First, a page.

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Corn Smut

Smut is a disease of cereals, corn, grasses, onions, and sorghum that can be caused by any of more than 700 species of parasitic fungi. Smuts generally have a negative economic impact on agriculture, because they affect so many food crops. An exception to this is corn smut, which is considered a delicacy in Mexico.

Corn infected with the fungus Ustilago maydis forms large, swollen, kernel-like globules with soft black flesh covered by a silvery gray skin. Called huitlacoche (pronounced wee-tlah-KOH-cheh), the native Nahuatl word, this dish is characterized by an inky, mushroom flavor and has apparently been eaten in central Mexico for thousands of years. In the United States, after decades of trying to eradicate corn smut, some farmers are attempting to grow corn with large corn smut infestations because the fungus is becoming a prized gourmet food item, garnering much higher prices than healthy corn.

The various smuts are characterized by masses of sooty spores that grow on or inside the plant during a fungus's last stage of growth. Many begin to grow in the plant embryo, feeding on maturing plant tissue through a network of filaments, or hyphae. To reproduce, a blister forms and breaks open, and the black, powdery fungus spores are borne away by air currents.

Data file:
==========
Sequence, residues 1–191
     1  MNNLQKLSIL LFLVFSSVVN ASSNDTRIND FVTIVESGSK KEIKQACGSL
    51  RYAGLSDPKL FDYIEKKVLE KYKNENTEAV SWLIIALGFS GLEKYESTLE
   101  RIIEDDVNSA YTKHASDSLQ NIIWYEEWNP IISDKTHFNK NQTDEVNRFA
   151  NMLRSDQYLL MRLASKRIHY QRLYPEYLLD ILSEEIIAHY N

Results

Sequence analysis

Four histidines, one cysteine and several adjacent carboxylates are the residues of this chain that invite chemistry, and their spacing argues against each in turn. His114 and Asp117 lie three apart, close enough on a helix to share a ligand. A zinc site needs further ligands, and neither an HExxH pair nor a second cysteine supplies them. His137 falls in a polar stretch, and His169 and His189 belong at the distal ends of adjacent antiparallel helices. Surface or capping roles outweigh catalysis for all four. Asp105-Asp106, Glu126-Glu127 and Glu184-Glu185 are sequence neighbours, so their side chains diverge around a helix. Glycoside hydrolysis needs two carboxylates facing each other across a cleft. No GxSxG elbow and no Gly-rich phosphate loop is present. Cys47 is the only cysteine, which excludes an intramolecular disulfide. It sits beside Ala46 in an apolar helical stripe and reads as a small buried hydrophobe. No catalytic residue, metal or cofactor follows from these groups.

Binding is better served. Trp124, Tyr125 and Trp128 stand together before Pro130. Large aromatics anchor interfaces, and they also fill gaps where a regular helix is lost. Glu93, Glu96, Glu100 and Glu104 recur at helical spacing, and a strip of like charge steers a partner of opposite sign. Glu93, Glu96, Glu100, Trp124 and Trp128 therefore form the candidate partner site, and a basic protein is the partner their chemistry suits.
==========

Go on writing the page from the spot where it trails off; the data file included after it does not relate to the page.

The specimen presented here was imaged with a Nikon Eclipse E600 microscope operating with fluorite and/or apochromatic objectives and vertical illuminator equipped with a mercury arc lamp. Specimens were illuminated through Nikon dichromatic filter blocks containing interference filters and a dichroic mirror and imaged with standard epi-fluorescence techniques. Specific filters for the corn smut fungus stained thin section were a B-2E/C and a Y-2E/C. Photomicrographs were captured with an Optronics MagnaFire digital camera system coupled to the microscope with a lens-free C-mount adapter.


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